• One might ask, why try to avoid the most powerful and well-adapted language for interacting with an OE database?

    Consulting in Model-Based Development, Transformation, and Object-Oriented Best Practice  http://www.cintegrity.com

  • Well, I'd rather not get too deeply involved in an explanation as it tends to turn into a religious war.  But mostly because I don't think that ABL is a capable language for doing every task (there really isn't any language that is good at everything), and I feel like if I'm going to interact with OpenEdge data from another language, the lingua franca of database communication is SQL so that's what I'm going to use - because that's what all the existing bridge code is written in.  I don't want to have to write ABL glue code every time I want to talk to an OpenEdge database, that's all.

  • Well, but in modern layered designs, it is fairly common for the language used in different layers to be different, especially that used for the UI.  So, using ABL on AppServer as a data source is hardly "glue code", but rather just recognizing that there is a better way than SQL over a network to manage data access.

    I will note in particular that Tom Bascom did a survey a while back looking for people who were doing meaningful amounts of *updating* or *creating* data via SQL and had a hard time finding them.

    Consulting in Model-Based Development, Transformation, and Object-Oriented Best Practice  http://www.cintegrity.com

  • Well, but in modern layered designs, it is fairly common for the language used in different layers to be different, especially that used for the UI.  So, using ABL on AppServer as a data source is hardly "glue code", but rather just recognizing that there is a better way than SQL over a network to manage data access.

    You're entitled to your own opinion of course; my own is that ABL is a really longwinded language, especially considering how inflexible it is, so I make every effort I can to avoid it.  If I absolutely had to do it your way, I would write as little ABL as possible, only using it on the AppServer and exposing it via Web interface, essentially making it into an API. I would write as much code as possible on the client-side in JavaScript, probably using backbone.js to model relations (which I can't give enough praise to; simply awesome library).  I'd only use the Web server for validations and persistence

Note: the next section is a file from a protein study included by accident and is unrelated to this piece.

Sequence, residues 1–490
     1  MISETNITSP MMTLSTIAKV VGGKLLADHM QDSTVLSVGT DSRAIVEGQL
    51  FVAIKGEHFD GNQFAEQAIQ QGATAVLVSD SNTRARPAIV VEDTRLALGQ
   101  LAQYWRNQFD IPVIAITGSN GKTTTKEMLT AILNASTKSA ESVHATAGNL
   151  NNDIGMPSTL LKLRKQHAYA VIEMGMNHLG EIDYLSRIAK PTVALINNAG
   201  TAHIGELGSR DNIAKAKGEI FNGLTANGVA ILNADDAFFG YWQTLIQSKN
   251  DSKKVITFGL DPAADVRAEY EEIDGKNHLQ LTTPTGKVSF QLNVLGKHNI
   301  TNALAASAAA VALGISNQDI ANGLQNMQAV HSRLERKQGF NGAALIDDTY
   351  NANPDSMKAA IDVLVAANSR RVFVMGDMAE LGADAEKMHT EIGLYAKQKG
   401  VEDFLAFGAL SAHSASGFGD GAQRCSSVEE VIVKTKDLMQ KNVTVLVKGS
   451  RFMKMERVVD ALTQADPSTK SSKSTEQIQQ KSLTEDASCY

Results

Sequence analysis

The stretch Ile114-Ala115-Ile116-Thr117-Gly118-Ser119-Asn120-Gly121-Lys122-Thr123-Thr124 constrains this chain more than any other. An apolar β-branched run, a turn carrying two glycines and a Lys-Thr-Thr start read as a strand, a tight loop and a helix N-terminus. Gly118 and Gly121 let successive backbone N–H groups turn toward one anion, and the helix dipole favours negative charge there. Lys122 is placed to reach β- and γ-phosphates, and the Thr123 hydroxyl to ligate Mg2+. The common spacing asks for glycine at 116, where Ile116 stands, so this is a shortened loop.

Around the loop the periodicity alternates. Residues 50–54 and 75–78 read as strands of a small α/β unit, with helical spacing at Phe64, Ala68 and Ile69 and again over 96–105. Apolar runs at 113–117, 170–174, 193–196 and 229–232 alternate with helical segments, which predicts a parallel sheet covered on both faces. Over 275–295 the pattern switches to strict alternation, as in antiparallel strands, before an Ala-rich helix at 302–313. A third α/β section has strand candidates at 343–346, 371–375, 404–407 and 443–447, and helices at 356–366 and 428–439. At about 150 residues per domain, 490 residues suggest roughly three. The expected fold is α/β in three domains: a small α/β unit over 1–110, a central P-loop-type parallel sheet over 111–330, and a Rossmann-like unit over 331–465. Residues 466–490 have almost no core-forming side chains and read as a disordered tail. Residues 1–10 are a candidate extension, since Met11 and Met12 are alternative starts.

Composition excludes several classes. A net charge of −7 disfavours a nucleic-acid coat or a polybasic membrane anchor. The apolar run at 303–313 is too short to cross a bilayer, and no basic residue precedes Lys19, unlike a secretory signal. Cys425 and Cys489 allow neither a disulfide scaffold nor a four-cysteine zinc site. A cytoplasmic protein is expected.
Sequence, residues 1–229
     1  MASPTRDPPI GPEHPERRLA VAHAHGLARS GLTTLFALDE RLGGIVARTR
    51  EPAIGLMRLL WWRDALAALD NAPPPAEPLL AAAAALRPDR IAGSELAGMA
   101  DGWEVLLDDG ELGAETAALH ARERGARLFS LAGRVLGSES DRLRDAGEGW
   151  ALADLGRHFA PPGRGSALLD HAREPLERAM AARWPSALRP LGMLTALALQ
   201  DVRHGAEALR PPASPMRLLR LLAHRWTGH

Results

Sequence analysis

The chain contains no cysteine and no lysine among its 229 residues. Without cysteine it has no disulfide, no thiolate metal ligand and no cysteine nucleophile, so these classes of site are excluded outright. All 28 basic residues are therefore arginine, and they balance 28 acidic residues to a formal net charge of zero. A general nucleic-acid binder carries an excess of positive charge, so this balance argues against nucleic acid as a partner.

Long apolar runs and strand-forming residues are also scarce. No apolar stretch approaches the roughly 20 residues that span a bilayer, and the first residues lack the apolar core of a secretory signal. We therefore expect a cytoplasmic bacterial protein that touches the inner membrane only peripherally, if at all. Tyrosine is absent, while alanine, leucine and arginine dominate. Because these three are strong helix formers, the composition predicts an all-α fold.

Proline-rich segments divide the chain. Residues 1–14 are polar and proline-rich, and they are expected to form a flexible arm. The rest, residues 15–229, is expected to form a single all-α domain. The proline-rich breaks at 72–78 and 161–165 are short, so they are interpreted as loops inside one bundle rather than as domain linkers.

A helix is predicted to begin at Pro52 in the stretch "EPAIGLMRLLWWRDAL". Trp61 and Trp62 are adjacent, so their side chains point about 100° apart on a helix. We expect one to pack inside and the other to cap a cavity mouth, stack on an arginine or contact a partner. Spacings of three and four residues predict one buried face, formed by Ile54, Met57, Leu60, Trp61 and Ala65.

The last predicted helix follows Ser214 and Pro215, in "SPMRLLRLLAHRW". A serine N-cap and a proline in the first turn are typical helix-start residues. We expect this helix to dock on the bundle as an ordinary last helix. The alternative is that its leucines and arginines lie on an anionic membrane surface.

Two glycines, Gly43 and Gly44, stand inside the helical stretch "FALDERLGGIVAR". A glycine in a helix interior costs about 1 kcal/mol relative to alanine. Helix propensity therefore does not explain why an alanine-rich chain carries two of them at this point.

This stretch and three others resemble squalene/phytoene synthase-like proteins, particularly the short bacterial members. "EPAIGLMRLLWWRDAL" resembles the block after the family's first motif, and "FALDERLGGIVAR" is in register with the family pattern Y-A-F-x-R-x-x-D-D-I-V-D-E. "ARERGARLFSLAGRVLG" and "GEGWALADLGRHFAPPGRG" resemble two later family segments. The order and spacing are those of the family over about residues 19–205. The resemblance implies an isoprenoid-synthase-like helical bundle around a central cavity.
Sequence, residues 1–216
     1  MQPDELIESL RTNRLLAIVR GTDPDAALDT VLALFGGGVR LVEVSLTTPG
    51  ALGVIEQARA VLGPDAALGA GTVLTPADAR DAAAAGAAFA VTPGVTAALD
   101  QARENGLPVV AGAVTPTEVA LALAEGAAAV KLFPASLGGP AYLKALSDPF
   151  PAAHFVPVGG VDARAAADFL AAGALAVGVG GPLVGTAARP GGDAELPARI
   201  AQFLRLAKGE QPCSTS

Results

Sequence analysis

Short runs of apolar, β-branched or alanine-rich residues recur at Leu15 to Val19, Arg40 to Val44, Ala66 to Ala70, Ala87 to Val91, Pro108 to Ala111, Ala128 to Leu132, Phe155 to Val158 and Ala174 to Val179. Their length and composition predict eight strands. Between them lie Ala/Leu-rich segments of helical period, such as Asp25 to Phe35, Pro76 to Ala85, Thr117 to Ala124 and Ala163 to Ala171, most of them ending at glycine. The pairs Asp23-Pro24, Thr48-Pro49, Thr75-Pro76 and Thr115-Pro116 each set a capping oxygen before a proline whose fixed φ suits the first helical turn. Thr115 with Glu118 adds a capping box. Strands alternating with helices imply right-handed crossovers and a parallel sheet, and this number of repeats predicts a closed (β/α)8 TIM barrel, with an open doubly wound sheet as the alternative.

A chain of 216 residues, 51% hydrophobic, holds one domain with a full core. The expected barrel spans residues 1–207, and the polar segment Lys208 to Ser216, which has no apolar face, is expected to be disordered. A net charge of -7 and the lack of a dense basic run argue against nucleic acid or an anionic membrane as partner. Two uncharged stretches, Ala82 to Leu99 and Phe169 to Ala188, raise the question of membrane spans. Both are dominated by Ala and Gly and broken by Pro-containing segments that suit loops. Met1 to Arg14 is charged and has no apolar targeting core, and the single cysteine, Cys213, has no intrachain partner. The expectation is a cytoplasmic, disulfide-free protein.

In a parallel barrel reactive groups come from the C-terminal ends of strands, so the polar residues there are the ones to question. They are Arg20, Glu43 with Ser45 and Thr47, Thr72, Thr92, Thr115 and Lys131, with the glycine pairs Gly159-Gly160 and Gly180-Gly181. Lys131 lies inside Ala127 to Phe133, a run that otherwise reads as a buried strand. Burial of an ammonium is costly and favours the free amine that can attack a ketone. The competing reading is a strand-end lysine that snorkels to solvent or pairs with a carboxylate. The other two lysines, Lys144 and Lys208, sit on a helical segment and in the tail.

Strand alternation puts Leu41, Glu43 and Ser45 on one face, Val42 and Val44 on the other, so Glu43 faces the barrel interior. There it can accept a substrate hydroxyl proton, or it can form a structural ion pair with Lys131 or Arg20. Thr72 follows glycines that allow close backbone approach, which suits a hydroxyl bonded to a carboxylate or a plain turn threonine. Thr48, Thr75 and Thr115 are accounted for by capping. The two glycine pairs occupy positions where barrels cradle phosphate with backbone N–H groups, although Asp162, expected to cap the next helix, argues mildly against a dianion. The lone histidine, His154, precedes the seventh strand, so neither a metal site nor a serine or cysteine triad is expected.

I will note in particular that Tom Bascom did a survey a while back looking for people who were doing meaningful amounts of *updating* or *creating* data via SQL and had a hard time finding them.

    I can see why, as the SQL engine is lacking a bit of power compared to the ABL version.  But it's not as bad as I originally thought, and it seems that looking at some knowledgebase articles there are some plans to improve it in later 11.x versions.  I'm sure there weren't many people using OOABL when it came out either... someone has to give it a good thrashing to uncover the pain points.

  • Interesting that ABL manages to consistently be more productive, given that it is long winded and inflexible!   I suppose assembler is the ultimate in flexability since one can do anything in it ... eventually.

    Deciding to write in layers and what to put in layers isn't, of course, just a matter of individual style.  What belongs in a layer belongs there because of what kind of responsibility it is, regardless of what language one chooses or is required to write it in.

    With those attitudes, I can't imagine why you continue to work with OpenEdge at all.  Particularly since you are electing to avoid the very thing, ABL, which gives OpenEdge its advantage.

    Consulting in Model-Based Development, Transformation, and Object-Oriented Best Practice  http://www.cintegrity.com

  • Well, I don't continue to work in OpenEdge.  I'm just writing a database adapter for a Ruby framework (using the free evaluation version of OE) so need to paper over some SQL issues - hence all the SQL questions.  Also, this is why I didn't want to delve into the reasons too deeply... it just gets emotive and unproductive to answering my questions.

    You can continue to think I'm performing a fool's errand (I'm sure most people on this board would agree), but I'm extremely stubbern so unlikely to waver until I've either succeeded or thoroughly crushed my head against the cement wall.